[From the Boston Medical and Surgical Journal.]

This is a small treatise on a great subject. Its title is, "Philosophy of Health, or Health without Medicine -- a Treatise on the Laws of the Human System. By L. B. Coles, M. D." He inculcates many excellent things, which, properly observed, would lead the way to a pleasant old age, free from the infirmities that have their origin in a violation of the physiological laws. Ticknor & Co. are the publishers, who will unquestionably give an activity to its distribution over the literary world.

[From the Journal of Health.]

We rejoice in the publication of this work, for more reasons than one. First, Because the writer has advocated the same subject for which this Journal was started, and in which it has been engaged more than two years. Second, Because we see by his statement in the title page that he is a regular man, a Fellow of the Massachusetts Medical Society; and we love to see the members of a Society so respectable, and which has such vast weight on the physical welfare of the community, speaking out on these subjects. Third, Because it. advocates, in our opinion, the true ground of our obligation to the laws of our being, which are the laws of God.

[From Dr. Win. A. Alcott -- Author of "The Young Man's Guide," etc, etc.]

Auburndale, West Newton, Ms., Oct. 4, 1848. L. B. Coles, M. D. Dear Sir:

To one who has labored, by pen or tongue, for more than a quarter of a century, to disseminate the same great laws of Health to which your own mind has been led, the appearance of a email manual, adapted to the wants of every family, cannot but be hailed with delight. I do most cordially wish to have it read, universally.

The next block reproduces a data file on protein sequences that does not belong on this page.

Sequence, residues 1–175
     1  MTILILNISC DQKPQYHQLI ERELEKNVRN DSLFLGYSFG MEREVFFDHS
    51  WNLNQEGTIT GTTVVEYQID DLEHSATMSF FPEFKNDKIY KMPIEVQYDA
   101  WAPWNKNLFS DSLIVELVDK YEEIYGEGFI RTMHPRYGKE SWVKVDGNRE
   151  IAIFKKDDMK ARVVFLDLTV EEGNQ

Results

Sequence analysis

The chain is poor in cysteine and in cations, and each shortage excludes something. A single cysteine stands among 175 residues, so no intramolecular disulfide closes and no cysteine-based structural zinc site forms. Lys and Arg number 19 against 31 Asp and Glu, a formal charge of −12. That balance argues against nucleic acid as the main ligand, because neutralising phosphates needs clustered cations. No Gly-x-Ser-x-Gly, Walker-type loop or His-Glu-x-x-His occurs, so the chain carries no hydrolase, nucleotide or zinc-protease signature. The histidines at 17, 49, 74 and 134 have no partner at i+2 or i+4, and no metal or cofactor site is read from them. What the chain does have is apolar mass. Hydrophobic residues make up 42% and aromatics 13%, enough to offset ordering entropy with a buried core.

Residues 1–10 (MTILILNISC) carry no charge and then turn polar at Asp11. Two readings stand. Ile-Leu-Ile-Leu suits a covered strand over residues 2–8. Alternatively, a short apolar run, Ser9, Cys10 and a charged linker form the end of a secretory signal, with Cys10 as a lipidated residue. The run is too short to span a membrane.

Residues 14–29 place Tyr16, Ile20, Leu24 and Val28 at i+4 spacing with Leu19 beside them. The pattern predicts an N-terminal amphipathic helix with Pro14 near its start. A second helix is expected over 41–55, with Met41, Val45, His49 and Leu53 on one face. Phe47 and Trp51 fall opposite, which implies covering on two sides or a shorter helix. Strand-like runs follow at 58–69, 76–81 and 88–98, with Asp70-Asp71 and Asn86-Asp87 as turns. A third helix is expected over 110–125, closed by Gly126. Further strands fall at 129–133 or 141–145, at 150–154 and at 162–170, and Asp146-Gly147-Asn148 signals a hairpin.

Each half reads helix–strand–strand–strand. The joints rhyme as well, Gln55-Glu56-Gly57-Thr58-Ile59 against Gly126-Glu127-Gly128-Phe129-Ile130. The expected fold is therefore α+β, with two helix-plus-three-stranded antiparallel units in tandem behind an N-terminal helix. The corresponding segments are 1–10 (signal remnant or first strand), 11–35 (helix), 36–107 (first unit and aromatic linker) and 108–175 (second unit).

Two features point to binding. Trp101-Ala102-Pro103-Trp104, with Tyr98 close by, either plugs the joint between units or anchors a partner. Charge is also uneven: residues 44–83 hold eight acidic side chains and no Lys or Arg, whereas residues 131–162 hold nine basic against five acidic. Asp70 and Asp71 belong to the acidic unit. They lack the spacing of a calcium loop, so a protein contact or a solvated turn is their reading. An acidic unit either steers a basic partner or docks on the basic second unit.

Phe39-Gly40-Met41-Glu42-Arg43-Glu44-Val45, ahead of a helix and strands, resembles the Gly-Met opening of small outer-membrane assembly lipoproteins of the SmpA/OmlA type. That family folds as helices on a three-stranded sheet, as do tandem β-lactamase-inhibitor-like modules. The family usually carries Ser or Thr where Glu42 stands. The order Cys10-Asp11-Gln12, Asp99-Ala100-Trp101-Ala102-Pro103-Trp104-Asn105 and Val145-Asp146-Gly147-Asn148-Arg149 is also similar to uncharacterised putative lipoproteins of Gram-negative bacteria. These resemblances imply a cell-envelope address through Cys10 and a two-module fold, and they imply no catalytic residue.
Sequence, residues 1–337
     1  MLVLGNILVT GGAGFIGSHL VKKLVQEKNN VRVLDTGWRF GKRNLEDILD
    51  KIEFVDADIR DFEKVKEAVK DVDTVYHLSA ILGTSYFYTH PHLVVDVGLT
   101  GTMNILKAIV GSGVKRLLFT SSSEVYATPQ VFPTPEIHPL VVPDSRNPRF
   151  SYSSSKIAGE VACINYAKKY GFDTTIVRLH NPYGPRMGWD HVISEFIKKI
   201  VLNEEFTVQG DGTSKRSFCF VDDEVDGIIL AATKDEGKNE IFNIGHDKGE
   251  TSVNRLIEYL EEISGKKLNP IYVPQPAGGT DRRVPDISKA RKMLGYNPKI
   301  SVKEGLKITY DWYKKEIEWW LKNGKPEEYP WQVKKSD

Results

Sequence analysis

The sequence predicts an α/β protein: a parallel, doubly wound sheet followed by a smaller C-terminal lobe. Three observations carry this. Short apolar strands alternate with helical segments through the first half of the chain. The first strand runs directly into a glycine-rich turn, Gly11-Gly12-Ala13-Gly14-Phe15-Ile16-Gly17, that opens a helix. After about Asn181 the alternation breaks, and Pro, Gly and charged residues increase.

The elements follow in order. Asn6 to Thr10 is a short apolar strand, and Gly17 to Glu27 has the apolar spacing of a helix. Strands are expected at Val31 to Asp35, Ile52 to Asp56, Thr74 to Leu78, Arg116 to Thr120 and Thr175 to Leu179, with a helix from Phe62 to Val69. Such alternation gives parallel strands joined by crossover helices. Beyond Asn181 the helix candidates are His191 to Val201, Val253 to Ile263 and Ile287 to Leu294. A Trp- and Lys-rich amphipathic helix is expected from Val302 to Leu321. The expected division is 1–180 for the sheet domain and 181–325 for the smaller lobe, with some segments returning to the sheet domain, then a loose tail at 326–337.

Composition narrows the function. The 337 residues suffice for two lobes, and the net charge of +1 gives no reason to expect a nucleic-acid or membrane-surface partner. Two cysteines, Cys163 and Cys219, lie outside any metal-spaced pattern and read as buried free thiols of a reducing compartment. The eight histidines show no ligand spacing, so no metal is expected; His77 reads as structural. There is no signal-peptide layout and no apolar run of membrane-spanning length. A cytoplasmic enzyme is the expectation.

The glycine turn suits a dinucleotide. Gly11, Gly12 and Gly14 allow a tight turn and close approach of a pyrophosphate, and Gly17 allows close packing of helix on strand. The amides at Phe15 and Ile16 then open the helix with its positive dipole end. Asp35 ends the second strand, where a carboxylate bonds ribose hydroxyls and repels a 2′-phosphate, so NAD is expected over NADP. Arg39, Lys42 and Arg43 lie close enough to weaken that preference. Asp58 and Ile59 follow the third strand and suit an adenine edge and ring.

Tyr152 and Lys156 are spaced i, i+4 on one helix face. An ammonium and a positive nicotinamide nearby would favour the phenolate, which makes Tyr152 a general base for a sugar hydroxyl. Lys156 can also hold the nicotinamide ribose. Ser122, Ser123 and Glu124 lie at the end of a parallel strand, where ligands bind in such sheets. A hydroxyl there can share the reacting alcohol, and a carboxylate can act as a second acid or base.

Your fellow-laborer,

Wm. A. Alcott,

[From the Christian World.]

The Philosophy of Health; a Treatise on the Laws of the Human System. By L. B. Coles, M. D.

We cannot be too often urged to look at the subject which the author of this little work has so carefully and judiciously unfolded. If his system is the true one, for the early care of children -- and we are very much inclined to believe that it is -- then most of the nursery discipline and maternal management of our day are very faulty. We incline to this opinion the more strongly, because the results of experience are coincident with what our author lays down as the sure consequence of so much of the mismanagement of infants and young children. There are valuable hints and directions to parents, and young persons of both sexes, which cannot fail of doing good, wherever they are appreciated and obeyed.

[From the Christian Watchman,]

The writer of the treatise which we noticed some weeks ago, on the "Philosophy of Health," has added an Appendix to the second edition, on the "Philosophy of Healthy Reproduction," in which a subject of much importance to parents, present or prospective, is treated with becoming delicacy; a perusal of which ought to prevent some of the evils often entailed by ignorance and passion on children, and children's children, to the fourth generation.

[From Zion's Herald.]

Philosophy of Health, by Dr. Coles. We have noticed before this valuable little treatise; but the present edition contains a valuable Appendix on the "Philosophy of Healthy Reproduction," which we cannot but emphatically commend. It avoids everything that the most fastidious could consider exceptionable, and abounds in most valuable counsels. The book, as a whole, combines a remarkable amount of useful information in a small compass.